How to measure the pitch rate of repitchings?

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How to measure the pitch rate of repitchings?

Unread postby Luis Coentrao » Wed Aug 20, 2014 9:14 pm

brew a soft blond ale, repitch the yeast in an orval-style beer, and then repitch in the big one.


Hi Dinnerstick,
Sorry the ignorance, but how really do you measure the pitch rate of your repitchings?
Do you distinguish the yeast slurry from the non-yeast one ?
I've read Jamils Yeast book and it sounded a little beat subjective and complex issue!
I've tried ir just for a fast fermentation test and it worked 100% (regarding attenuation off course, forget the flavors...)

NOTE: This topic is split off from the A tribute to Orval discussion. - Niels
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Re: How to measure the pitch rate of repitchings?

Unread postby dinnerstick » Thu Aug 21, 2014 5:10 am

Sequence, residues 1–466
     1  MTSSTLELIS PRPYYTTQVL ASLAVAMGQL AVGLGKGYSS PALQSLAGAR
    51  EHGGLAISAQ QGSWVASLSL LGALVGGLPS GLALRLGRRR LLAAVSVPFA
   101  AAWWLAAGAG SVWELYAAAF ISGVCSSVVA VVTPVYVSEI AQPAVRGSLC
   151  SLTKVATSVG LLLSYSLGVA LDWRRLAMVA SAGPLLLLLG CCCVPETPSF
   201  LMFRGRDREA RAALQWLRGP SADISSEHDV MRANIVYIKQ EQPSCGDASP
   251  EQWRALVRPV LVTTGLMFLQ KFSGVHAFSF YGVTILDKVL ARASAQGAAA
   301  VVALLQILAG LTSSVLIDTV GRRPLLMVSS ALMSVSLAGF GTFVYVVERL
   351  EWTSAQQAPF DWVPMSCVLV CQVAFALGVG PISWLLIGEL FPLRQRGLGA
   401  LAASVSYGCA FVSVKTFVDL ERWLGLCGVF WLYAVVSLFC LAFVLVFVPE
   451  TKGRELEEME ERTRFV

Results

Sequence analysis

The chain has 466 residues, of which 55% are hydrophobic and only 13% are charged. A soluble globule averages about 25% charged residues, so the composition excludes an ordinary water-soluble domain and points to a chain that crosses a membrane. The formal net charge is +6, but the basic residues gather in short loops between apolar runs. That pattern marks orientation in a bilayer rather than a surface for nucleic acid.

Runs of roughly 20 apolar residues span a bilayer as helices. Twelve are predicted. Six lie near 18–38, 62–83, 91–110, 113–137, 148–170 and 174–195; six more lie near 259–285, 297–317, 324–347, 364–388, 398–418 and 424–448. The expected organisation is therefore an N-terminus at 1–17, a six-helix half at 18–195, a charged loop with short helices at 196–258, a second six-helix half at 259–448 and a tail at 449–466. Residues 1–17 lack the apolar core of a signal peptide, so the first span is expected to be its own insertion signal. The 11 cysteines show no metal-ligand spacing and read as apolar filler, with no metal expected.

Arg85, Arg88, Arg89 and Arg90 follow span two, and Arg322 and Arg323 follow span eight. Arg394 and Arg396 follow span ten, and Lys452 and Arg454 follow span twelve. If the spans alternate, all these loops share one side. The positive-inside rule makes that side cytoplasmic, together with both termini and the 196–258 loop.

the only way to 'measure' cell counts is... to count the cells! i don't do this, i vaguely estimate the cell count from the volume of yeast slurry. if i'm going to repitch a yeast, i try to keep the previous wort clear, no hops and minimal break, trub, etc transferred from the kettle, or i rinse it to eliminate most of the non-yeast. then do a rough estimate from the mrmalty.com website, and then i tend to over pitch based on the numbers calculated there. i figure a bit too much is way better than a bit too little, and in general the things affected by a cell count on the high end of healthy can be altered via recipe and fermentation temperature, so i try for consistency with the yeast and adjust other variables as necessary. with yeasts that i use a lot, and OG in a 'normal' range, i can confidently tell after a few batches how much to add for a good fermentation. with less familiar ones (like the rochefort, which i have only used a couple of times) i am a bit less certain, but take very good notes, checking how the yeast look, how they behave if i need to wake them up in a small starter. the cell count estimates from websites are very vague (by nature) and can differ hugely, so find what works for you and stick with it!
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